Peppery Leaf Spot: How To Treat Bacterial Leaf Spot On Peppers

Leaf Spots On Pepper Plant
bacterial leaf spot on peppers
(Image credit: Howard F. Schwartz, Colorado State University,

Bacterial leaf spot on peppers is a devastating disease that can cause disfiguration of the leaves and fruit. In severe cases, the plants may die. There is no cure once the disease takes hold, but there are several things you can do to prevent it and keep it from spreading. Keep reading to learn about treating pepper leaf spots.

What Causes Bacterial Leaf Spot of Pepper?

The bacterium Xanthomonas campestris pv. vesicatoria causes bacterial leaf spot. It thrives in areas with hot summers and frequent rainfall. The bacterium is spread by plant debris in the soil and through infected seeds.

Symptoms of Bacterial Leaf Spot

Bacterial leaf spot causes lesions on the leaves that look as though they are soaked with water. These lesions normally begin on the lower leaves. As the disease progresses, it leaves a dark, purple-brown spot with a light brown center. Bacterial leaf spot on peppers causes spotting and raised cracks in the fruit. The cracks provide an opening for other disease pathogens. There are no pepper varieties that are reliably resistant to all of types of peppery leaf spot, but planting varieties that are resistant to some of the races may help prevent the disease. Insecticides containing copper are also useful in preventing the disease. In most cases, however, once the disease appears, copper isn't effective in treating pepper leaf spots. Use insecticides containing copper early in the season when you've had problems with the disease in previous years.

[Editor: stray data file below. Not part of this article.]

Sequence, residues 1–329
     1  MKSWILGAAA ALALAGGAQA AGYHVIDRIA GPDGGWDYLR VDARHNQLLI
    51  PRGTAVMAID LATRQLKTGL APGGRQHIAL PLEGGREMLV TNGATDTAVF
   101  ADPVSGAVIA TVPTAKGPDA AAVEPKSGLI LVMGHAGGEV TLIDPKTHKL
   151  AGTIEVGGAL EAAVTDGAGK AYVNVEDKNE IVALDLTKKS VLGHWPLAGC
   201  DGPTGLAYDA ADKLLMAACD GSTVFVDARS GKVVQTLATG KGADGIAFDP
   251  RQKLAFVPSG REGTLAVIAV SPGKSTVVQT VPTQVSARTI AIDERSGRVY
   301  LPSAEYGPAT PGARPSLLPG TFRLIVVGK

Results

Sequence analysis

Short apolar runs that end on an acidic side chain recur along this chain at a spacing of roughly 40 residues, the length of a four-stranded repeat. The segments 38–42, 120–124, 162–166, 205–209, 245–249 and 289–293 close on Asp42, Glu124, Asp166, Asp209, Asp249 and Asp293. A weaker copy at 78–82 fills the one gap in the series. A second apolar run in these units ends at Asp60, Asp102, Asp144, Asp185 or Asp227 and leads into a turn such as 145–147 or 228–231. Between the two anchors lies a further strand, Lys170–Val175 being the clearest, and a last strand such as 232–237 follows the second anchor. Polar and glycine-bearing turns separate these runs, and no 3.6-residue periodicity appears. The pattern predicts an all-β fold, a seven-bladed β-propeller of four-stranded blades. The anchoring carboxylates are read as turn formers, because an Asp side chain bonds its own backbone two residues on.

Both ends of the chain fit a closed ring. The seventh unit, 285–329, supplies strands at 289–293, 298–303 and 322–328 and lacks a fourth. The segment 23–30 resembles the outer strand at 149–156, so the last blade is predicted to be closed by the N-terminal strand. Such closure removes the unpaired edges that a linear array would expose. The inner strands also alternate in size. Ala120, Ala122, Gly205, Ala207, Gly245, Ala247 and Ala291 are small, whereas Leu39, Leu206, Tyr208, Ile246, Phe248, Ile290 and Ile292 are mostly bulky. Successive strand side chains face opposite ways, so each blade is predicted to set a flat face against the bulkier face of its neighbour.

How to Treat Bacterial Leaf Spot

Of course, once the symptoms of bacterial leaf spot begin to appear on your pepper plants, it's too late to save them. However, if you take precautions before planting next season, you'll have a better chance of preventing peppery leaf spot problems in the future. Crop rotation can help prevent bacterial leaf spot. Do not plant peppers or tomatoes in a location where either of these crops has been grown in the past four or five years. At the end of the season, remove all crop debris from the garden and destroy it. Do not compost plant debris that may contain the disease. Once the area is clean of all visible debris, till the soil or turn it with a shovel to bury any remaining bacteria. The bacterium is spread by splattering damp soil onto the leaves. Reduce the splatter by using a soaker hose and avoiding overhead watering. Stay out of the garden on wet days to avoid spreading disease on your hands and clothes. Bacterial leaf spot is also spread through infected seeds. Buy certified disease-free seeds and seedlings. It's best not to save your own seeds if you've ever had a problem with bacterial leaf spot on peppers.

Jackie Carroll

Jackie Carroll has written over 500 articles for Gardening Know How on a wide range of topics.